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N2 - Background: We describe a heart transplant patient with painful periostitis and exostoses who was receiving long-term therapy with voriconazole, which is a fluoride-containing medication. Elevated plasma and bone fluoride levels were identified. Discontinuation of voriconazole therapy led to improvement in pain and reduced fluoride and alkaline phosphatase levels. Methods: To determine whether voriconazole is a cause of fluoride excess, we measured plasma fluoride levels in 10 adult post-transplant patients who had received voriconazole for at least 6 months and 10 post-transplant patients who did not receive voriconazole. To assess the effect of renal insufficiency on fluoride levels in subjects receiving voriconazole, half were recruited on the basis of a serum creatinine level of ≥1.4 mg/dL on their most recent measurement, whereas the other 5 subjects receiving voriconazole had serum creatinine levels <1.4 mg/dL. All control subjects had serum creatinine levels of ≥1.4 mg/dL. Patients were excluded from the study if they received a fluorinated pharmaceutical other than voriconazole. Results: All subjects who received voriconazole had elevated plasma fluoride levels, and no subjects in the control group had elevated levels (14.32 μmol/L ± 6.41 vs 2.54 ± 0.67 lmol/L; P<.001). Renal function was not predictive of fluoride levels. Plasma fluoride levels remained significantly higher in the voriconazole group after adjusting for calcineurin inhibitor levels and doses. Half of the voriconazole group subjects had evidence of periostitis, including exostoses in 2 patients. Discontinuation of voriconazole therapy in patients with periostitis resulted in improvement of pain and a reduction in alkaline phosphatase and fluoride levels. Conclusions: Voriconazole is associated with painful periostitis, exostoses, and fluoride excess in posttransplant patients with long-term voriconazole use.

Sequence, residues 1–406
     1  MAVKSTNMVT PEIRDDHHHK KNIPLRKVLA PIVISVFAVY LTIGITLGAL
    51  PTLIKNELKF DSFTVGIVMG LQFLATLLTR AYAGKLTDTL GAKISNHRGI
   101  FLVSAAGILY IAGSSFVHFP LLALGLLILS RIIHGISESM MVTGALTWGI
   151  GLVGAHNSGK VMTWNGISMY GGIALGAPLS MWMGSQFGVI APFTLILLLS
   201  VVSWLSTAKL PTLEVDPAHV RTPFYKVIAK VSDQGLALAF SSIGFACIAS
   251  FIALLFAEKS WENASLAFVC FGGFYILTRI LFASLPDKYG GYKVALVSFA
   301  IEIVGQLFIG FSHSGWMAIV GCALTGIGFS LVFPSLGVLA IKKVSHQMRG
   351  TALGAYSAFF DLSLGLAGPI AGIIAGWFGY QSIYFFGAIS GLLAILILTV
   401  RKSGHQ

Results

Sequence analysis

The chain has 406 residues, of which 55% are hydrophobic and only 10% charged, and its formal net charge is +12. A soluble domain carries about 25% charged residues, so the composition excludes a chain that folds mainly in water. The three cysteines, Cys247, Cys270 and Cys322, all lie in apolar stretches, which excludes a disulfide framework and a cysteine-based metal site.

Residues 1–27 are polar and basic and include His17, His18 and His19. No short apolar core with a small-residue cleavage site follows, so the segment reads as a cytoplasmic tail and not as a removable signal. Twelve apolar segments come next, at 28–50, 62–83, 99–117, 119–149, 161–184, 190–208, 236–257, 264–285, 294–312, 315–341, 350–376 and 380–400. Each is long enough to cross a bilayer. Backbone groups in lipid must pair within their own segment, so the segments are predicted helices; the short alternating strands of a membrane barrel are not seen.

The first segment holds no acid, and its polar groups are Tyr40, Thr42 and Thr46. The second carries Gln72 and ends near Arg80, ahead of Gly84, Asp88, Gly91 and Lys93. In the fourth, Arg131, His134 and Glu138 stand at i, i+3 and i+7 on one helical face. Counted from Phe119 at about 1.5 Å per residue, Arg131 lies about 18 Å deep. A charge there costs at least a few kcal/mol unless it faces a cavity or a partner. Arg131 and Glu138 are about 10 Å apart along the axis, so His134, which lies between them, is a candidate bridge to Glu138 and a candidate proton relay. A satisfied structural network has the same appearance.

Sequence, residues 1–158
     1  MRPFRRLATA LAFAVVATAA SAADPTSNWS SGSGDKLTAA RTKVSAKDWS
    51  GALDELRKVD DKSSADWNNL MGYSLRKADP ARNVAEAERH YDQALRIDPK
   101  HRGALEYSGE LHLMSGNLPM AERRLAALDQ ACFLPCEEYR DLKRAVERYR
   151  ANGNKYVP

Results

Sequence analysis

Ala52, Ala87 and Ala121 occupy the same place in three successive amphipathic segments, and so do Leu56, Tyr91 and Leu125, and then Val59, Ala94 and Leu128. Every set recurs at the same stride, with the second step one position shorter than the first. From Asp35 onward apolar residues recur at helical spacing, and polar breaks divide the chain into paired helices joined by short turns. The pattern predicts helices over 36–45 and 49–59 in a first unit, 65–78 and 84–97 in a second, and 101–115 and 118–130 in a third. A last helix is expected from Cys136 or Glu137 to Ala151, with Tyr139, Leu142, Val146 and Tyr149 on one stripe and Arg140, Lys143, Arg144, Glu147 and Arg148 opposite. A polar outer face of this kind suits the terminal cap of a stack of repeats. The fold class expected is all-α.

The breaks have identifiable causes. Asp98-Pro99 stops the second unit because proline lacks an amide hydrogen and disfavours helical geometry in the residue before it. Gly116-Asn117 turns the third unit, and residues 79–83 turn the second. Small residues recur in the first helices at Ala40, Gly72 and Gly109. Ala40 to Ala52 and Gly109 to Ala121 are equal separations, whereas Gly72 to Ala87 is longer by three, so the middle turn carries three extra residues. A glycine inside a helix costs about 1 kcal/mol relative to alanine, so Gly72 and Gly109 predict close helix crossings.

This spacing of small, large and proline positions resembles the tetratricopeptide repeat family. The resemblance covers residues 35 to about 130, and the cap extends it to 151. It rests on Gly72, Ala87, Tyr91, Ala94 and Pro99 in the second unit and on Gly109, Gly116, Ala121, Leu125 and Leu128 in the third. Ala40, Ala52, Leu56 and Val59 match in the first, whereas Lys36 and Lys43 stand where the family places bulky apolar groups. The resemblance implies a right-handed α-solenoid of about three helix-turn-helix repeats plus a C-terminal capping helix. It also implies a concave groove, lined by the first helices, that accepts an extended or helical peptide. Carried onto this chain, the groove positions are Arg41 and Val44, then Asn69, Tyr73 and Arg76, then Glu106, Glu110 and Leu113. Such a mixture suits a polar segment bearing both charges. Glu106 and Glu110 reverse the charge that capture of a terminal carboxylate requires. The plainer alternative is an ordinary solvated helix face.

AB - Background: We describe a heart transplant patient with painful periostitis and exostoses who was receiving long-term therapy with voriconazole, which is a fluoride-containing medication. Elevated plasma and bone fluoride levels were identified. Discontinuation of voriconazole therapy led to improvement in pain and reduced fluoride and alkaline phosphatase levels. Methods: To determine whether voriconazole is a cause of fluoride excess, we measured plasma fluoride levels in 10 adult post-transplant patients who had received voriconazole for at least 6 months and 10 post-transplant patients who did not receive voriconazole. To assess the effect of renal insufficiency on fluoride levels in subjects receiving voriconazole, half were recruited on the basis of a serum creatinine level of ≥1.4 mg/dL on their most recent measurement, whereas the other 5 subjects receiving voriconazole had serum creatinine levels <1.4 mg/dL. All control subjects had serum creatinine levels of ≥1.4 mg/dL. Patients were excluded from the study if they received a fluorinated pharmaceutical other than voriconazole. Results: All subjects who received voriconazole had elevated plasma fluoride levels, and no subjects in the control group had elevated levels (14.32 μmol/L ± 6.41 vs 2.54 ± 0.67 lmol/L; P<.001). Renal function was not predictive of fluoride levels. Plasma fluoride levels remained significantly higher in the voriconazole group after adjusting for calcineurin inhibitor levels and doses. Half of the voriconazole group subjects had evidence of periostitis, including exostoses in 2 patients. Discontinuation of voriconazole therapy in patients with periostitis resulted in improvement of pain and a reduction in alkaline phosphatase and fluoride levels. Conclusions: Voriconazole is associated with painful periostitis, exostoses, and fluoride excess in posttransplant patients with long-term voriconazole use.